Windows 8: Dull and Boring

Love it or hate it, most users have adapted rather well to the Aero Windows interface first introduced with Vista. Not with just how it functions, but also how it looks. Until now we didn’t really know how Aero and the new Windows 8 “Metro” style were going to get along in the next release of Windows.

But on Friday Microsoft let everyone know they won’t get along. Aero is being dumped for a Metro style user interface in the final release of Windows 8. Instead of Aero we’ll get something “flat”, “clean” and “modern”. And by the way, users will not see the user interface until the final release in the fall.

Windows 8 Screenshot from MSDN blog

So that leaves us to speculate on what those adjectives mean. Based on this screen shot from Jensen Harris’ blog about the Windows 8 user experience, the words ought to be “dull” and “boring”. Granted they are trying to keep it under wraps until the final release, but could they have released a less inspiring screenshot? Will consumers flock to buy a visually unimpressive upgrade, regardless of what it can do? Probably not.

An article on Computerworld.com suggests that the dropping of Aero is primarily based on extending battery life. That’s all well and good. But again Microsoft ought to be taking a lesson from Apple. OSX and iOS both have a sleek look that users of abilities love. While “modern”, they still have a pleasing aesthetic feel. It makes us ooh and aah with glee to the point we just have to get our hands on an iPad and even longtime PC loyalist secretly long for a Mac (don’t worry, we won’t tell).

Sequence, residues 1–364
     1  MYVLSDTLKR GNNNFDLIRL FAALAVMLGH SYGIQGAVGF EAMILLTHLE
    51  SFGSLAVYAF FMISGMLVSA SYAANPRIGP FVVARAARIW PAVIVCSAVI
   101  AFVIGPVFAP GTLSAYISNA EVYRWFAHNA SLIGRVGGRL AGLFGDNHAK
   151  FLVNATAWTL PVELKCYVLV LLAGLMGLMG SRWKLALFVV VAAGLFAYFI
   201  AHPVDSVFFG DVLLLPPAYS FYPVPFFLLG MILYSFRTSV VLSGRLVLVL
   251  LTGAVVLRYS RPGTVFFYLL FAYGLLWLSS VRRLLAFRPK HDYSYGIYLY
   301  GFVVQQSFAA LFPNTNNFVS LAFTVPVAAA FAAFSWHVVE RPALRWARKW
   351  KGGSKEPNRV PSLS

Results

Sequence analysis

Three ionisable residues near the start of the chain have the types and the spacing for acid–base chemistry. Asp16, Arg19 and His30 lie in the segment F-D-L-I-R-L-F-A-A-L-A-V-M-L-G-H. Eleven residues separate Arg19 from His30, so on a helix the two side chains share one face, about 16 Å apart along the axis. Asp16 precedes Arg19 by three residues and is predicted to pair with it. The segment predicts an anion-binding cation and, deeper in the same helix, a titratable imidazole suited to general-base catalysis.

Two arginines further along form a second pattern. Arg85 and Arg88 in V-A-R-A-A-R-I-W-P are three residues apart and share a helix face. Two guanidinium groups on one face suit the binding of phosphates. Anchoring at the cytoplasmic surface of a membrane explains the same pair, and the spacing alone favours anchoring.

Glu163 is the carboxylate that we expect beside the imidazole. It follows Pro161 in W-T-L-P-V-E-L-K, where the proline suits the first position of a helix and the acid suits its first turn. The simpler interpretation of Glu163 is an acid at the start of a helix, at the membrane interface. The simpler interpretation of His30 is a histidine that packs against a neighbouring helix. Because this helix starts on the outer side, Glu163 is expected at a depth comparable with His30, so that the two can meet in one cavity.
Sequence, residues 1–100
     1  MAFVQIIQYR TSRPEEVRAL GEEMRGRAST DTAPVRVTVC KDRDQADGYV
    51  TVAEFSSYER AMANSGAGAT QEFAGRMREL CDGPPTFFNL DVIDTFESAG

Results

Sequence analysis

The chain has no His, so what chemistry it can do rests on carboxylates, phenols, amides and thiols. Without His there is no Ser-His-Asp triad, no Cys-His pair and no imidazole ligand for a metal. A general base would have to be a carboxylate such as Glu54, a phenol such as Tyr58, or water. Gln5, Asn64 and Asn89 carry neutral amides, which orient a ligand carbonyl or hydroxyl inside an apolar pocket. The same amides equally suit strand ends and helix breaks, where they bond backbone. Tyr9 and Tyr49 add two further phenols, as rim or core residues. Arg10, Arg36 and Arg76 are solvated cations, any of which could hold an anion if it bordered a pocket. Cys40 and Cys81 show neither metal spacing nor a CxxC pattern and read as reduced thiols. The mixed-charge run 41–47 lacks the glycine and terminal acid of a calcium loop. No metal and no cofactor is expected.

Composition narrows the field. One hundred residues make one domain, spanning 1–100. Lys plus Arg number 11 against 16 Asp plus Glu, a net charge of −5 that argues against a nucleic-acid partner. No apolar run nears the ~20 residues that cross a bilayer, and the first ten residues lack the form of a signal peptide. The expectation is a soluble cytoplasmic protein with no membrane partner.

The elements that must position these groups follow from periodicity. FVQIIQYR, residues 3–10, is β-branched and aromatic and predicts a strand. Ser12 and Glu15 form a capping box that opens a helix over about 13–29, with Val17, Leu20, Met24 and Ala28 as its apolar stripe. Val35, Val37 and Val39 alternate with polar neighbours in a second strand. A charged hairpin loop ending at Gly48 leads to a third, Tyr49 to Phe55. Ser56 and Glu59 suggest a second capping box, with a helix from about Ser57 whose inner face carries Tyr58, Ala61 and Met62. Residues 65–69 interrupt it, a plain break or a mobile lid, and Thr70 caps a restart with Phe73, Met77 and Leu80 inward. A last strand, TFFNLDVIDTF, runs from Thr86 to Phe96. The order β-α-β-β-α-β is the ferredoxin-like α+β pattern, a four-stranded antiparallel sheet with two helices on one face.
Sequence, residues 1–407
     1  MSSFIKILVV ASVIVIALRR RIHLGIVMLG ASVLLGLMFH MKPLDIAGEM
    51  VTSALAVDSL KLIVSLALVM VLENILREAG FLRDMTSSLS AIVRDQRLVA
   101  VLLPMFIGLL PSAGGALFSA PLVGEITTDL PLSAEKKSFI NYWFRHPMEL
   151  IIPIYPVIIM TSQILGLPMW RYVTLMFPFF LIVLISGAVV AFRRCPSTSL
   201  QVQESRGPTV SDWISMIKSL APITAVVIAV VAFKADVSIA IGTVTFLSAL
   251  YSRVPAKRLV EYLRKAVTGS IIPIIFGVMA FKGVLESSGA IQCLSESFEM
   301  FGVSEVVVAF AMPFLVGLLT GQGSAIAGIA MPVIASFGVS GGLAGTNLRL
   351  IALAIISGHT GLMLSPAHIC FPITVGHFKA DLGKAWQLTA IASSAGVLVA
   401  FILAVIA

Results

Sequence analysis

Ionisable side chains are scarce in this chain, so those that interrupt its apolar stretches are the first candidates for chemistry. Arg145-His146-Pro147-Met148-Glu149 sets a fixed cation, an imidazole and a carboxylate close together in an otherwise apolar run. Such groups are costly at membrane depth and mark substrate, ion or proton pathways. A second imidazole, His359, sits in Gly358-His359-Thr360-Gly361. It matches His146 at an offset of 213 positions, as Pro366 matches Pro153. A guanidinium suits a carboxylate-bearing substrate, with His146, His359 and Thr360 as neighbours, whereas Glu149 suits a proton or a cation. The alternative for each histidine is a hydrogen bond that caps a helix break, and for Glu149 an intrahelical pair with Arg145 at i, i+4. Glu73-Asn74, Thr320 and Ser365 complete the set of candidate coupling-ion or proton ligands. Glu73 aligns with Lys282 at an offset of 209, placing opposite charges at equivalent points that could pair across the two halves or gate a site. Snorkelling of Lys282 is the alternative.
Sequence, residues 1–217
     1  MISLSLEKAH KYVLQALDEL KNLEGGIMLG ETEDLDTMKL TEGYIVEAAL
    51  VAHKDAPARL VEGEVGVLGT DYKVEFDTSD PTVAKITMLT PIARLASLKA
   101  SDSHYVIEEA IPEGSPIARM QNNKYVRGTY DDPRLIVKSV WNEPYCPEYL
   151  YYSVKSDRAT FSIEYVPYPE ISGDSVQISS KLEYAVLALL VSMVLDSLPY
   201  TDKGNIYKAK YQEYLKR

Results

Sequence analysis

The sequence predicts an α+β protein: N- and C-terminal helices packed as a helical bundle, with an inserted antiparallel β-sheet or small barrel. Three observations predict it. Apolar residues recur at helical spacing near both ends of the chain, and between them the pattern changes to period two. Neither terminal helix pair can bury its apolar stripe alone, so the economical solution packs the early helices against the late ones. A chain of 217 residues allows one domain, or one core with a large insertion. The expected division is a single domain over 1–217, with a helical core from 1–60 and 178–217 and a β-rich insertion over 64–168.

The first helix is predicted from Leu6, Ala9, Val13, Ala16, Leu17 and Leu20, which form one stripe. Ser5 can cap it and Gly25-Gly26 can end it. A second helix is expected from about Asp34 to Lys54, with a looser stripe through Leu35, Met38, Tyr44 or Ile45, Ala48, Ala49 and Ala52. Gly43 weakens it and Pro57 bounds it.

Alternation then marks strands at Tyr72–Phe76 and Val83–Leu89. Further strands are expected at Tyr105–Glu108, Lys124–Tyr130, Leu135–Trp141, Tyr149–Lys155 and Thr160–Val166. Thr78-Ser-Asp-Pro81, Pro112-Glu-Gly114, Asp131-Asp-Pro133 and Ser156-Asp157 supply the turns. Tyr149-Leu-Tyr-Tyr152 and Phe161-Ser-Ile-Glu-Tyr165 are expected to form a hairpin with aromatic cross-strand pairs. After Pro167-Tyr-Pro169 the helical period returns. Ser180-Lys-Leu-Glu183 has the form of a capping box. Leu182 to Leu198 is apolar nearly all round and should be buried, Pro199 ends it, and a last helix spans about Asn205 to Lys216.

So perhaps Microsoft didn’t want to give everything away (or they’re still figuring it out) with the secrecy around the new UI. But they haven’t inspired a “Gotta have it” mentality they'll need to make the next version take off, rather than languish the way Vista did.

If you read the full Jensen Harris blog, he does a great job explaining some of the changes in Windows 8, why they are being made, and how they can benefit the user. Consumers may or may not buy into it. They certainly won’t be reading the blog, but watching the commercials and the news stories when it is finally released.

What do you think about this seemingly last minute change by Microsoft? Will it pay off, or does it mean they're more likely to screw something up - again?